Dubai: “It is fascinating to hear from people about how Ramadan means different things to them. It teaches me to accept the beautiful fact that we humans each have our own absorption capacity and way of interpreting things,” said Asma Ahmad, 34, a Palestinian expatriate, who is the founder of Zaha, a social enterprise.
“I have entered Ramadan this year with the strong intention to bring more consciousness to my experiences in life,” she said.
I do my best to carry forward the realisations and learnings I gain in Ramadan through to the other months too.
“Refraining from eating and drinking, and staying away from distractions allows me more of inward thinking and I have been cherishing my existence more thanks to being in touch with my innate self.
“I do my best to carry forward the realisations and learnings I gain in Ramadan through to the other months,” said Ahmad.
“I would like to hold on to the strong connections I am building with myself, and knowing more fully the essence of who [I am].”
Ahmad said she is the kind of individual who loves to think of herself “as someone who strives to improve each and every day, not only in Ramadan but also outside of it.”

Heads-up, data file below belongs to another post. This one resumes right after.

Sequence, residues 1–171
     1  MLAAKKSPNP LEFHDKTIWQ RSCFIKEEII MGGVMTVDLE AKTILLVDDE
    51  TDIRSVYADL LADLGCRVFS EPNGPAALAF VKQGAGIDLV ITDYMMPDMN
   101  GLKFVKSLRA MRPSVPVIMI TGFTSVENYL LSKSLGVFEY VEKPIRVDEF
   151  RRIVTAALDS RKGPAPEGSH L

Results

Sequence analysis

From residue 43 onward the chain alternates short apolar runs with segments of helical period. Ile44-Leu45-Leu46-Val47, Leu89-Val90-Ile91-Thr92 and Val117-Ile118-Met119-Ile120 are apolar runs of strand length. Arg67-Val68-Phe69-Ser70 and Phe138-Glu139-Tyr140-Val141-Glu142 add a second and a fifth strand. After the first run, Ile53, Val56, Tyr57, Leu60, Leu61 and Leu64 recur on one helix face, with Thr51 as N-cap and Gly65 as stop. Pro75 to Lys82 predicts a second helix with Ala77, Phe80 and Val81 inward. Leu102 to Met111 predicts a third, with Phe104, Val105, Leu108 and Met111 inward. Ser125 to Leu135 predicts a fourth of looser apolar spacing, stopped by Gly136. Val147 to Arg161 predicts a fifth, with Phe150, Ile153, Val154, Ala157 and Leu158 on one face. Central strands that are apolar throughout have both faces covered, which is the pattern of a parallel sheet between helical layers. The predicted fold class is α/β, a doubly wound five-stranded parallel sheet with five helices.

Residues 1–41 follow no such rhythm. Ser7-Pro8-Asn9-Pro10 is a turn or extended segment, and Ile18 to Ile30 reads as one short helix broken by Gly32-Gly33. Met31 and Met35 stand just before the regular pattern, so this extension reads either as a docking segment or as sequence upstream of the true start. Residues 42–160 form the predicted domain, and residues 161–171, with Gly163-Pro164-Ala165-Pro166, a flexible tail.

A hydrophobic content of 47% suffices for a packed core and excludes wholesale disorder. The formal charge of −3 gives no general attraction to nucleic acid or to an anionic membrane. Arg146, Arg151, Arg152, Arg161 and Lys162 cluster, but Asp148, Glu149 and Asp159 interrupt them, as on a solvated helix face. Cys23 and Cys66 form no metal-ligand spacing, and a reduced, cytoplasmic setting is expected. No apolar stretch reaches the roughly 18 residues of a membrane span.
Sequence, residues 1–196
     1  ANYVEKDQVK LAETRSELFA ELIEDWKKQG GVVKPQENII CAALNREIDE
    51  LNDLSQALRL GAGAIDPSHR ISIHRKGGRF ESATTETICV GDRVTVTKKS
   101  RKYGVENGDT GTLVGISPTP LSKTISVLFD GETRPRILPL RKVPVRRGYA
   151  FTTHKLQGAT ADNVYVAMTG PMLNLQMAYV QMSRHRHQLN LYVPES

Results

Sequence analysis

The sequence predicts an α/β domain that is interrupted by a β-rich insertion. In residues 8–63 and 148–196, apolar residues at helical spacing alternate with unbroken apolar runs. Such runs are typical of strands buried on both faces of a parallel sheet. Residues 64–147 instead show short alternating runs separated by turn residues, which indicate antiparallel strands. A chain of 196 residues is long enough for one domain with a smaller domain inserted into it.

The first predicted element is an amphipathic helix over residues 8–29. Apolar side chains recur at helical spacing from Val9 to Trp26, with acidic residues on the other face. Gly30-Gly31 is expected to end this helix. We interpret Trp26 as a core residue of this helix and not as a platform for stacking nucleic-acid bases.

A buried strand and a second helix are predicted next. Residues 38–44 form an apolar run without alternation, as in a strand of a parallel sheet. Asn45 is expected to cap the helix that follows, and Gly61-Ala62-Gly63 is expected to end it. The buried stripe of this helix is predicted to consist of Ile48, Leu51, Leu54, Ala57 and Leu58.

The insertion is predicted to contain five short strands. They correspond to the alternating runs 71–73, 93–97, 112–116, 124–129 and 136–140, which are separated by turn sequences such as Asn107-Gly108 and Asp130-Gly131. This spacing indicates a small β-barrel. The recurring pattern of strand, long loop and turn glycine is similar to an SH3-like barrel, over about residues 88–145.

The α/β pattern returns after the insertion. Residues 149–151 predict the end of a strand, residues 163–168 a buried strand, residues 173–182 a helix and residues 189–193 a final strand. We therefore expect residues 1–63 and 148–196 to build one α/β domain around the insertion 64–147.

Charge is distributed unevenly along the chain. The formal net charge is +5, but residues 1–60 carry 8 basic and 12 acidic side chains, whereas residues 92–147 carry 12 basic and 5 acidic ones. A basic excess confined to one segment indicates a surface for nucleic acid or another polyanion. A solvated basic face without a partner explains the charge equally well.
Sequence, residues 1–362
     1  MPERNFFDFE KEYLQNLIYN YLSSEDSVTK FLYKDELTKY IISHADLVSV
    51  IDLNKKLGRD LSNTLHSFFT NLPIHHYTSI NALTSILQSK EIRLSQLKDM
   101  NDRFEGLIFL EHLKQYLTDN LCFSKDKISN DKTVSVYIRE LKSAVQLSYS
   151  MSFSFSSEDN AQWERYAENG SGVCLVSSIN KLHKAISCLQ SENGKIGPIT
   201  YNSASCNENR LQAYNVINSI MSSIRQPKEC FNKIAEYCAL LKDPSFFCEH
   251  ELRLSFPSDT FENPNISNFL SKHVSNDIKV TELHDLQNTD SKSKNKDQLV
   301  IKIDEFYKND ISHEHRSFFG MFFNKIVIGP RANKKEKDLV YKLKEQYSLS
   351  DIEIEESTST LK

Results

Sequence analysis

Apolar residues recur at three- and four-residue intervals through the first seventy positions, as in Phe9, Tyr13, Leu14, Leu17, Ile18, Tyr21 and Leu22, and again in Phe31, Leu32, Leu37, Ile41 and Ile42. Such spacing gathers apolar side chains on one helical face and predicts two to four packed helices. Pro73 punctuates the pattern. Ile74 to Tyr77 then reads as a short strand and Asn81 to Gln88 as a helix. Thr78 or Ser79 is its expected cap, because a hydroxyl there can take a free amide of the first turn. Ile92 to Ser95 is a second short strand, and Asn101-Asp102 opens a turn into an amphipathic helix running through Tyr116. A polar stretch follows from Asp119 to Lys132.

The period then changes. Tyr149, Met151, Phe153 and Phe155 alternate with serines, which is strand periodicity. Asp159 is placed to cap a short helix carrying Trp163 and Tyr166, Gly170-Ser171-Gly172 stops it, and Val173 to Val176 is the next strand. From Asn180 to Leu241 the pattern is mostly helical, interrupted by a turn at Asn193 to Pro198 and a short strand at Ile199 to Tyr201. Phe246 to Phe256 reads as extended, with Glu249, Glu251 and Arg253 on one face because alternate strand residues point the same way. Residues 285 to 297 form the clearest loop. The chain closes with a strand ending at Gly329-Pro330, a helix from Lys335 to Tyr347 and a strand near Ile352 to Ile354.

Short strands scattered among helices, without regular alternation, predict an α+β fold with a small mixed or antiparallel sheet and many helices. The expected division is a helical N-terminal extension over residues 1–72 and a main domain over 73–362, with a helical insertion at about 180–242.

She believes that “the motive to better yourself and be of service for others is not [the only lesson] of Ramadan.
“It is your sense of accountability as a human too.”
She cited an incident that is premised on this belief.
“My father has been a great coach for me when it comes to integrity and doing the right thing even during the most challenging times. In Ramadan, and because of a specific health condition, he gets irritated easily.
“Once, we (myself and my other two sisters) had to go on a hunger strike objecting to his temper and to encourage him to have more calmness during Ramadan which he has been trying to do and for that I am grateful,” she said.